Citizen Initiative portal empowering Estonians in digital age of democracy

carmen raal e-estonia

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Trust in the state and democracy is in decline worldwide. Nobel Peace Prize winner Maria Ressa has warned that online misinformation significantly threatens democracy. In the face of a constantly evolving world and the rapid spread of misinformation online, it is crucial to confront present-day challenges with digital solutions. I recently moderated a panel discussion in Estonian focusing on digital democracy, particularly highlighting Estonia’s unique Citizen Initiative portal, Rahvaalgatus.

I delved into the pivotal topic of participatory democracy with two experts – Maarja-Leena Saar, an expert from The Estonian Cooperation Assembly who also manages the Citizen Initiative portal, and Kristina Mänd, a senior expert on e-democracy from e-Governance Academy. Here are the highlights from our conversation with Maarja-Leena and Kristina.

A record-breaking unique platform

Established in 2016, Rahvaalgatus has demonstrated the remarkable engagement of Estonians in actively voicing their opinions alongside decision-makers. Rahvaalgatus allows us to make initiatives both on a national and local level. A proposal to the Parliament has to gather at least 1000 signatures, and for local government, a proposal has to gather signatures from at least 1% of its residents with voting rights.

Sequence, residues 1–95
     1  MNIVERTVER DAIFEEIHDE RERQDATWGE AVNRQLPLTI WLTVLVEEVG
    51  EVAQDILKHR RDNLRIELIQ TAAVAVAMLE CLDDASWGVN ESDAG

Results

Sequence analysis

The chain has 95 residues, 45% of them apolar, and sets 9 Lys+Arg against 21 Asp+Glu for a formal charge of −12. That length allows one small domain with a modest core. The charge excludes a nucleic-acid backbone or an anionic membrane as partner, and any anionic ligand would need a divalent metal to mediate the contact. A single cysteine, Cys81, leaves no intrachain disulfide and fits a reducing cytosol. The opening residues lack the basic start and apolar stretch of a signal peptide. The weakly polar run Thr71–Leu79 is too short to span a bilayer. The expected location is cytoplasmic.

"If the citizens have a user-friendly and convinient way to have a say in lawmaking, they will. The myth that Estonians do not like to have a say in 
law-making has been completely shattered with Rahvaalgatus," said Maarja-Leena during the panel. 

Rahvaalgatus serves as a potent weapon against the onslaught of populism. Social media tends to amplify extreme posts to garner more attention, often exacerbated by fake accounts. Thanks to Estonia’s secure eID system, Rahvaalgatus ensures a distortion-free representation of public views. This system effectively counters situations where a single individual could artificially inflate petition signatures, maintaining transparency. Notably, signatures are deleted once the petition completes its journey through all stages.

Moreover, Rahvaalgatus provides a comprehensive overview of issues concerning the Estonian public, distinguishing itself from social media algorithms that limit exposure to a fraction of conversations and opinions. This distinction allows for a more accurate reflection of true realities.

Last year Rahvaalgatus broke the record for i-elections in the Estonian Parliament with 313,868 digital signatures. On the platform, various collective appeals have already received more i-votes (313,868 as of December 2023) than the parliamentary elections (312,182) in 2023.

Initiatives undergo several phases after it has been published:

  1. Co-Creation Period:

The initiation phase involves a minimum three-day co-creation period. During this time, anyone interested in the initiative can suggest ideas for its improvement, with the author having the discretion to incorporate or disregard these suggestions.

2. Signature collection:

The next phase focuses on collecting signatures, with a maximum duration of 18 months.

3. Submission to local government or Parliament:

Upon surpassing the required signature threshold, a simple click forwards the initiative to the local government or parliament.

4. Review: